In line with our welcoming and inclusive brand personality, avoid assumptions about gender in your writing. When writing about a specific person, ask them which pronouns they use for themselves (e.g., she/her/hers, he/him/his, they/them/theirs). If a person does not identify with male or female pronouns, the plural they is preferred.
- For example, “Samantha loves to paint. They take every painting class on campus.”
The plural they is also helpful when writing about a general person whose gender is not known instead of using the “he or she” construct or “s/he”. Though casual, this is Oregon State’s preferred style in marketing materials.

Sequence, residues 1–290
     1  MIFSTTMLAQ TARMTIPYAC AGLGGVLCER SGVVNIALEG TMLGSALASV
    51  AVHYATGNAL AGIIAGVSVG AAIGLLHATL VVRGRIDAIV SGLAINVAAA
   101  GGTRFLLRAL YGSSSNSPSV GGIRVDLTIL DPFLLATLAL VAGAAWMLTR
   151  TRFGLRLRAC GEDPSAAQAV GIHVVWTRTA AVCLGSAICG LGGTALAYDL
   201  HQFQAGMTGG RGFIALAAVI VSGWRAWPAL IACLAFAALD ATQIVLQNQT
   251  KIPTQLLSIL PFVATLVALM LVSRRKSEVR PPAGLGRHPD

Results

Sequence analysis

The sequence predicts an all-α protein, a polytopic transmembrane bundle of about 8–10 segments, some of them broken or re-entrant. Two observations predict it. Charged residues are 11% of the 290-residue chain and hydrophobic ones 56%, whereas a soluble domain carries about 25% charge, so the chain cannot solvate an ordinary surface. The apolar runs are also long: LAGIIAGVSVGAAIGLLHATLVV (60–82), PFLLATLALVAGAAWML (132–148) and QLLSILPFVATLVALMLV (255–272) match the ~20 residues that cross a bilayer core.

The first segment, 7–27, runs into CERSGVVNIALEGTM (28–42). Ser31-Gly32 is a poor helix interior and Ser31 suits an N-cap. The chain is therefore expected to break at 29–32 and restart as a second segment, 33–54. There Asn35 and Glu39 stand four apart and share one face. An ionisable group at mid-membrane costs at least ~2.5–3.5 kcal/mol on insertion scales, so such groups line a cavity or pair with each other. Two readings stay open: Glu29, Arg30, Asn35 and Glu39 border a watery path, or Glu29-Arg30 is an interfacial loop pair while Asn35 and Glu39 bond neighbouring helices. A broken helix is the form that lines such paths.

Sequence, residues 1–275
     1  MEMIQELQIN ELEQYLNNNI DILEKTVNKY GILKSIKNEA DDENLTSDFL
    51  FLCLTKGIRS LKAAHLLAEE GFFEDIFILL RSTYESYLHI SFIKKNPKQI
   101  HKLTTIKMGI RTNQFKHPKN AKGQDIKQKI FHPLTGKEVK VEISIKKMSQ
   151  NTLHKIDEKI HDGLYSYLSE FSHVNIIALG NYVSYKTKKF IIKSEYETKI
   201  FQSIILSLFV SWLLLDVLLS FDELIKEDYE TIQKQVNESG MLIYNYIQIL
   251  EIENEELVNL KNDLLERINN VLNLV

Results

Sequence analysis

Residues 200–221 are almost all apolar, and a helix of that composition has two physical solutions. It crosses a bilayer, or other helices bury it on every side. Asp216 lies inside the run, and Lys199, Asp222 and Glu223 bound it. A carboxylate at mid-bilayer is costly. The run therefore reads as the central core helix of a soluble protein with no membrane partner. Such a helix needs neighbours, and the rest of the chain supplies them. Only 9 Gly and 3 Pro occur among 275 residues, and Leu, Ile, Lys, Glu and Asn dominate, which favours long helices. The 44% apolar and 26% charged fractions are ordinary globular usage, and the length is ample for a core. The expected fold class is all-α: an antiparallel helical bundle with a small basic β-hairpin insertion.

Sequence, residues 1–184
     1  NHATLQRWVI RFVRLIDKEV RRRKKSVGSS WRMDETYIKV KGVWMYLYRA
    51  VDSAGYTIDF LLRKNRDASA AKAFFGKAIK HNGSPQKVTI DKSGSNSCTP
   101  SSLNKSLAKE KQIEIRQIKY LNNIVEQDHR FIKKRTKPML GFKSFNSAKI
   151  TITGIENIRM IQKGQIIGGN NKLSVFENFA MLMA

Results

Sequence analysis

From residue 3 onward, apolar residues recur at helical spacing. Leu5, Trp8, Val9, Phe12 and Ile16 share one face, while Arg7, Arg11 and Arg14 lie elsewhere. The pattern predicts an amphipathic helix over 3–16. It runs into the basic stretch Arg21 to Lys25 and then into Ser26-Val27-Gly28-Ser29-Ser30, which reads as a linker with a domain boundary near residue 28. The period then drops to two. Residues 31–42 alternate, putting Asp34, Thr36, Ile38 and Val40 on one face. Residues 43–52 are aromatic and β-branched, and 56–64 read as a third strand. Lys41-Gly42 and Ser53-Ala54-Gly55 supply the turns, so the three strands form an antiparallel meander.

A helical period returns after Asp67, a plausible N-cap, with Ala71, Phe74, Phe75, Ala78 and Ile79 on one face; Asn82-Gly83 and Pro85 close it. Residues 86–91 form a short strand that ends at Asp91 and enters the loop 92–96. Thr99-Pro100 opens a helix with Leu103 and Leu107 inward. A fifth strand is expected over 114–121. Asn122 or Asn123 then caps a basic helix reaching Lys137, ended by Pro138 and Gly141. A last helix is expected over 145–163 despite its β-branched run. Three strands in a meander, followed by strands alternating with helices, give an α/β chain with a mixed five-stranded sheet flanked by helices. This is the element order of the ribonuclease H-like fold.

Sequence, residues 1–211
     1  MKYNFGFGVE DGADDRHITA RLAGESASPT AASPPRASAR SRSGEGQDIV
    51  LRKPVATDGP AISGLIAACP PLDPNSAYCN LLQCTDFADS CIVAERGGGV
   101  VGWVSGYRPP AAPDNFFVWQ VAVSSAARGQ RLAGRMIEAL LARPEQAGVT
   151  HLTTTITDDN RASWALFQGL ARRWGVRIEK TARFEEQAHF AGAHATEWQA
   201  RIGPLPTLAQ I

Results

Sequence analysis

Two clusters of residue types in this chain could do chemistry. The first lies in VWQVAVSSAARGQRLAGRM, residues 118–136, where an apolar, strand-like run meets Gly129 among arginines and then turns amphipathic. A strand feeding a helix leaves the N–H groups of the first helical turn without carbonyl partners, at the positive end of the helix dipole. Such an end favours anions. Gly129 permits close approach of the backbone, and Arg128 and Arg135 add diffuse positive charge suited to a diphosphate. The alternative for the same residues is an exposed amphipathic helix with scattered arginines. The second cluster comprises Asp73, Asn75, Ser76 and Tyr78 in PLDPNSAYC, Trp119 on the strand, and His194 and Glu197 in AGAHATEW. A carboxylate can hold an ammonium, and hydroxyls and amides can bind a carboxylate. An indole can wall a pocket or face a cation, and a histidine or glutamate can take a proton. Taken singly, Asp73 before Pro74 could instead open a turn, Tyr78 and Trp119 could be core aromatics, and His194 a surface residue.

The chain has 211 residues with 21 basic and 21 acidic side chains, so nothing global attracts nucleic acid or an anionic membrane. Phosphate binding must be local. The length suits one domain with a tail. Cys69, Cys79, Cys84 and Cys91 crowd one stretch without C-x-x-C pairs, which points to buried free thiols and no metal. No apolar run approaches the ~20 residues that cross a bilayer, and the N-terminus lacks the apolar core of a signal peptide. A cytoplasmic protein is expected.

- For example, “When a student moves into their residence hall, they should bring their own pillow.” When possible, pluralizing can help you avoid this construct: “Whenever students move into their residence halls, they should bring their own pillows.”
Beyond pronouns, avoid all gender stereotyping in your writing. For example, use firefighter, police officer, chair or chairperson. Use these rather than assuming gender in job titles.